The world’s second and third largest economies have a fraught relationship, held back by longstanding disputes over maritime claims and Japan’s wartime legacy.
Taro Kono’s visit to China was the first by a Japanese foreign minister in nearly two years and comes as Tokyo pushes for a visit from Chinese president Xi Jinping.
Japan’s top envoy met with his counterpart Wang Yi, top diplomat Yang Jiechi and Premier Li Keqiang.
But on a range of issues — from developing a military hotline, to easing tensions around disputed islands in the East China Sea and to a state visit — Kono came away with little more than vague promises.
In statements and remarks after the talks both Japan and China said they would move toward setting up a military hotline to avoid clashes in the East China Sea and would aim to hold trilateral talks with South Korea.
Japan and South Korea, rattled by North Korea’s repeated missile tests, are keen to enlist support from Beijing in halting Pyongyang’s nuclear ambitions.
“The North Korea issue is now an urgent issue for the whole of international society,” Kono said ahead of talks as he praised progress made in the relationship between the two neighbors.
A statement from China’s foreign ministry listed a handful of modest accomplishments from the talks, including an agreement to avoid double pension payments for those working in each other’s countries.
Both sides also pledged to sign an agreement “as soon as possible” to establish a military hotline to help prevent incidents in the East China Sea.
Frequent maritime patrols by both countries around disputed islets have long been a potential flashpoint and a major impediment to improved relations.
But Japanese foreign ministry spokesman Norio Maruyama conceded that the two countries had yet to agree on a timeline for implementing the concept, which has been under discussion for years.
A trilateral summit between the two countries and South Korea was scheduled for last December, but was postponed after the impeachment of the then-South Korean president Park Geun-Hye.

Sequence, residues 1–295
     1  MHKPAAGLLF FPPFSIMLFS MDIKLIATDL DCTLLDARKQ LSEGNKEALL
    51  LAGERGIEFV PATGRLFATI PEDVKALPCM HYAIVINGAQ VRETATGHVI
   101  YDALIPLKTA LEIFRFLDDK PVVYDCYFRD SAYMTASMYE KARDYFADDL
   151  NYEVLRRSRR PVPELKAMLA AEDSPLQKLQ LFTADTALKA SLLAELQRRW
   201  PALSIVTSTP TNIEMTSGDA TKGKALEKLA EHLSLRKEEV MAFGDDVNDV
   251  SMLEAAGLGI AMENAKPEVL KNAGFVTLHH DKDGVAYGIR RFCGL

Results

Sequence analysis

Maruyama said there was still no clear timeline for when the talks might take place.
“It’s not so easy,” he told reporters. “When we have to manage a very busy schedule among the three leaders... it’s extremely complicated.”
Tokyo has been wooing China with official visits and business delegations, but an exchange of state visits has remained a hard sell.
Maruyama said much would depend on the success of the summit with South Korea, which Japan hopes to host.
If it comes together, Li would lead the Chinese delegation, setting up the possibility of an Abe visit to China and then, eventually, a visit by Xi to Japan, he said.
In his meeting with Kono, Li noted the positive trend in Sino-Japanese ties, but emphasized the “relations are still confronted with uncertainties,” according to China’s official Xinhua news service.
Earlier in the day, Wang told Kono the two countries were at a “crucial stage” in their relationship, adding “there is positive progress, but many disturbances and obstacles remain.”
A longstanding dispute over islands in the East China Sea — known as the “Senkakus” in Japanese and the “Diaoyu” by the Chinese — remains a source of tension.
Tokyo’s decision to “nationalize” some of the islets in 2012 led to a major falling out and the relationship has been slow to recover.
Chinese coast guard vessels routinely travel around the disputed islands, a practice that has brought regular objections from Japan, which controls the region.